The Royal Mail could take between three and four weeks to clear a backlog of letters left by wildcat strikes which appeared to be coming to an end yesterday.
As more than 20,000 wildcat strikers began returning to work yesterday, the Post Office started the hefty task dealing with a backlog of tens of millions of letters, by re-opening sealed letter boxes and urging the public to "carry on posting".
An agreement to end the unofficial industrial action, concluded in the early hours of yesterday morning, included a guarantee by management not to victimise the employees who took the unlawful action unless they were guilty of threatening behaviour.
The settlement was reached after Allan Leighton, the chairman of Royal Mail, and Billy Hayes, the general secretary of the Communication Workers Union (CWU), intervened in negotiations.
The accord commits both sides to achieving a national deal to introduce single-letter delivery by 10 December a key efficiency issue for management. Union negotiators have also agreed that all local arrangements must comply with national agreements by the end of the year.
However, there were fears last night that the deal remained "fragile" and that local activists still needed to be convinced. Fresh talks today at the conciliation service Acas will have to address concerns among employees about working practices and it is by no means certain that the nationally agreed document will be respected locally.
Last night strikers had returned to work in much of London, Coventry, Warrington, Hatfield and Chelmsford, and there were signs that most would be back at work by today.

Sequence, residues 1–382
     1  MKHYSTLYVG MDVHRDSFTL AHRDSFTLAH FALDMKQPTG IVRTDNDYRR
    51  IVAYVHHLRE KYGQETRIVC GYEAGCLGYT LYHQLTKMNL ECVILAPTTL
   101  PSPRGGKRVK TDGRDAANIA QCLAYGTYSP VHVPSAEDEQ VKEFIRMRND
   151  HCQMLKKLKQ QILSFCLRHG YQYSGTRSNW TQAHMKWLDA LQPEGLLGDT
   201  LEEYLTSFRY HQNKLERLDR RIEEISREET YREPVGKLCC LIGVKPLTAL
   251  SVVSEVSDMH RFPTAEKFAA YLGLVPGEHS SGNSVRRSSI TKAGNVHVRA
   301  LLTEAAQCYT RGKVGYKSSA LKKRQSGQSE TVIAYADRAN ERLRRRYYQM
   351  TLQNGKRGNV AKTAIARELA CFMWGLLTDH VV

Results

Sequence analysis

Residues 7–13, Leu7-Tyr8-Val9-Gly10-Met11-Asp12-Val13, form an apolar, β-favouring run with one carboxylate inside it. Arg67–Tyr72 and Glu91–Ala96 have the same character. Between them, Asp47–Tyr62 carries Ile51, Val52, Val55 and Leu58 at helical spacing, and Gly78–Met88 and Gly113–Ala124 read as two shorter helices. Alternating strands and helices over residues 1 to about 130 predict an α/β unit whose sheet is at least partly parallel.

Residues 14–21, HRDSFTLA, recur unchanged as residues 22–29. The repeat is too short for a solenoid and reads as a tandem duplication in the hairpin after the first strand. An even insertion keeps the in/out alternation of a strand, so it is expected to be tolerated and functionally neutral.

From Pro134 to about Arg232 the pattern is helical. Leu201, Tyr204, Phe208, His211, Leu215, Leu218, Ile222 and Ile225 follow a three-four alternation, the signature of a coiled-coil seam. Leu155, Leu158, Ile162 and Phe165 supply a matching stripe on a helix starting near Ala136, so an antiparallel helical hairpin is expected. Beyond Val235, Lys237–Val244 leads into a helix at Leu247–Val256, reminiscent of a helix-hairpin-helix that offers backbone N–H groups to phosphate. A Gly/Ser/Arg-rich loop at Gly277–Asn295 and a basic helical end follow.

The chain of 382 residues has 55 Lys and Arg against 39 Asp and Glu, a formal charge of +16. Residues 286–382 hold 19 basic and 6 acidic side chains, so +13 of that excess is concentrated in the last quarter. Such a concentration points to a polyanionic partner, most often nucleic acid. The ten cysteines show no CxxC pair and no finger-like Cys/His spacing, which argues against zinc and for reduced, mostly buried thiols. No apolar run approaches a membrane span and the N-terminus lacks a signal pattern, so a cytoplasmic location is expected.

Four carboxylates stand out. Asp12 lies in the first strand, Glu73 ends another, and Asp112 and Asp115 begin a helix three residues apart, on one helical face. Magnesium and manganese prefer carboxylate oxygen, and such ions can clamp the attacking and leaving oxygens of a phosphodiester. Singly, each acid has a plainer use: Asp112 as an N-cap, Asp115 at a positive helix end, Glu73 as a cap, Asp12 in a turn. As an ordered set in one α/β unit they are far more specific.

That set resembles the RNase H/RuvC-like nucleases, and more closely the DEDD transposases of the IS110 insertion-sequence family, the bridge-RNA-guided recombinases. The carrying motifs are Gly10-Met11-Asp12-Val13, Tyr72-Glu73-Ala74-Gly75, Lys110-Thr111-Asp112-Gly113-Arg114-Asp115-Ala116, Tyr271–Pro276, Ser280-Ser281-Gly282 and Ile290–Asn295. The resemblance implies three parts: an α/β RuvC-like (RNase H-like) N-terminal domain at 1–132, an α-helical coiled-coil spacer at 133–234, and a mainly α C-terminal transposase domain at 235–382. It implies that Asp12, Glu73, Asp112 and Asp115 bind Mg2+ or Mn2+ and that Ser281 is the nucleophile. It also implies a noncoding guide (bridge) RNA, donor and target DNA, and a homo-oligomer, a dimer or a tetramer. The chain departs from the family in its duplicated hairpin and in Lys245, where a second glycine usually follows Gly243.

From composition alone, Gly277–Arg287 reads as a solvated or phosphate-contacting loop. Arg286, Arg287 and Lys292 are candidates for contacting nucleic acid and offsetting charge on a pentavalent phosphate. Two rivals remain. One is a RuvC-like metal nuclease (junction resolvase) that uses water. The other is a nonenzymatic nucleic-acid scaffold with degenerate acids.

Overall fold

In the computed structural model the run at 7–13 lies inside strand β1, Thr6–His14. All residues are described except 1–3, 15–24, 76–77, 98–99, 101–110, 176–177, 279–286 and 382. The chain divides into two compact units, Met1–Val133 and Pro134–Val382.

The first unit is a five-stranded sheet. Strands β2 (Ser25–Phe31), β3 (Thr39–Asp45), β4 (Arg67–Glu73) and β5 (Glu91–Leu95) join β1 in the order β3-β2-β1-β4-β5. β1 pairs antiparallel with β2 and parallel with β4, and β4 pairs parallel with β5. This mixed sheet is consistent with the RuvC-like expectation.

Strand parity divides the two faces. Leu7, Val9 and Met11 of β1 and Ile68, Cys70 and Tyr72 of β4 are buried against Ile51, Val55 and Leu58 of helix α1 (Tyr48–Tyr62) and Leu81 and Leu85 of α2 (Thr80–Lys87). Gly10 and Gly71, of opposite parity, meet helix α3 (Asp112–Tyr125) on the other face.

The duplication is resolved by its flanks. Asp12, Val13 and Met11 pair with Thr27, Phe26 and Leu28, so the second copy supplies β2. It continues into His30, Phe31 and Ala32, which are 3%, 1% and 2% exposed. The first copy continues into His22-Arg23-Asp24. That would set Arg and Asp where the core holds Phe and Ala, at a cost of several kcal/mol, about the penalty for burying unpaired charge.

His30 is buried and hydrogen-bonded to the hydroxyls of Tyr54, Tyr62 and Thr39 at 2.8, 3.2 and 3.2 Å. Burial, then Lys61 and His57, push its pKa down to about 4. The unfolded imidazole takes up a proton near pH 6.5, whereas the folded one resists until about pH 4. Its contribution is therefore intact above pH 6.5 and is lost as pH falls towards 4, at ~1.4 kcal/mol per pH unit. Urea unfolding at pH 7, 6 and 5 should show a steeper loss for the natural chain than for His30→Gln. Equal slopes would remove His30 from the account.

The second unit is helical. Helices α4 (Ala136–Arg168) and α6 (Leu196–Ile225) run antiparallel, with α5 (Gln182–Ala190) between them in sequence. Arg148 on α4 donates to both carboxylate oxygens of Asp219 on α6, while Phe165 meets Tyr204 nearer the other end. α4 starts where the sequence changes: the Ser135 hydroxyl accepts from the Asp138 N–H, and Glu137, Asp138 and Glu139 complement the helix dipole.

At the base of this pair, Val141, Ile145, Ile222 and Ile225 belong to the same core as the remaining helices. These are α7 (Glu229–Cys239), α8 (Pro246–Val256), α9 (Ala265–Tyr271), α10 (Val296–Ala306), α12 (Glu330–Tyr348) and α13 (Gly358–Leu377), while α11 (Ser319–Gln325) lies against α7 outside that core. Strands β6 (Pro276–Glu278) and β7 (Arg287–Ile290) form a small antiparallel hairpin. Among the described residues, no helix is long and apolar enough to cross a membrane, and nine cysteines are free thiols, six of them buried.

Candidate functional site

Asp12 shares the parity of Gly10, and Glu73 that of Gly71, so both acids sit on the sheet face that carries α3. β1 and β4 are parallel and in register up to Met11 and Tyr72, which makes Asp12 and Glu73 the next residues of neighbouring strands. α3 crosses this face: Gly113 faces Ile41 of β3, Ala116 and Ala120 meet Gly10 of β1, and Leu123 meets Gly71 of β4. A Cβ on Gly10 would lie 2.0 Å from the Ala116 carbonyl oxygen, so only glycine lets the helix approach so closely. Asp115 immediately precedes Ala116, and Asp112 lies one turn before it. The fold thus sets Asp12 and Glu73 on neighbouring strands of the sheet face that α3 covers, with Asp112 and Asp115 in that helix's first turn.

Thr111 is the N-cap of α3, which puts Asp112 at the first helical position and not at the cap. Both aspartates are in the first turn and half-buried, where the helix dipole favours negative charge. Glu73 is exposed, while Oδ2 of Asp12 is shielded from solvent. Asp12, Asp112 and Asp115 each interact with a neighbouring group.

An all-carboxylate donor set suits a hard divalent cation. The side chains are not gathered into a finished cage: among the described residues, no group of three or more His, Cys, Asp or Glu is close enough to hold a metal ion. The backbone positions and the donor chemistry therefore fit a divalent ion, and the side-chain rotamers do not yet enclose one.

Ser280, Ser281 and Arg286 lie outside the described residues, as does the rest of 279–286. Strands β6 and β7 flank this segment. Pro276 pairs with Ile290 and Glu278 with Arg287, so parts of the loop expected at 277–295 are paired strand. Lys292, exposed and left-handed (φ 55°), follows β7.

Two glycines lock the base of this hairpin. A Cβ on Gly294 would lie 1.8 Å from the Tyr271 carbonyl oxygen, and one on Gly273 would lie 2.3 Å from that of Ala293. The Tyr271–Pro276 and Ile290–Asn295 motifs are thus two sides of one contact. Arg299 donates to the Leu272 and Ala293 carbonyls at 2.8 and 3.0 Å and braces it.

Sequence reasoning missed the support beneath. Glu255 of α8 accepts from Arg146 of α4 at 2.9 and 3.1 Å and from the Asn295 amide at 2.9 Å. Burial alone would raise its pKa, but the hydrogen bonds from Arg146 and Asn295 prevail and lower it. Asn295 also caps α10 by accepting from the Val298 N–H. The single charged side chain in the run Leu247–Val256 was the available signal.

The dispute has cost the Royal Mail tens of millions of pounds and undermined its strategy for returning to profit after suffering heavy losses in the past few years.
Customers in London and other parts of the country were asked to be patient as employees dealt with the mountain of mail that had built up since the walkouts began a fortnight ago.
The disputes started in the wake of an official 24-hour strike over London allowances when management allegedly attempted to impose new working methods on staff returning to work. The industrial action spread to Oxford, Warrington, Coventry, Essex and Buckinghamshire when employees refused to deal with letters diverted from strike-hit offices.
Malcolm Bruce, Liberal Democrat trade and industry spokesman, said the "understanding" reached gave hope that the unofficial strike would tail off. However, he warned: "It is very frightening that the postal service can be at the mercy of this kind of wildcat action."
Tim Yeo, the shadow Trade and Industry Secretary, said: "Ministers should be quicker to protect customers and should make it clear now that any future strike, official or unofficial, would lead to the immediate suspension of Royal Mail's monopoly on mail delivery."
An official spokesman for the Prime Minister said No 10 welcomed news that an understanding had been reached.
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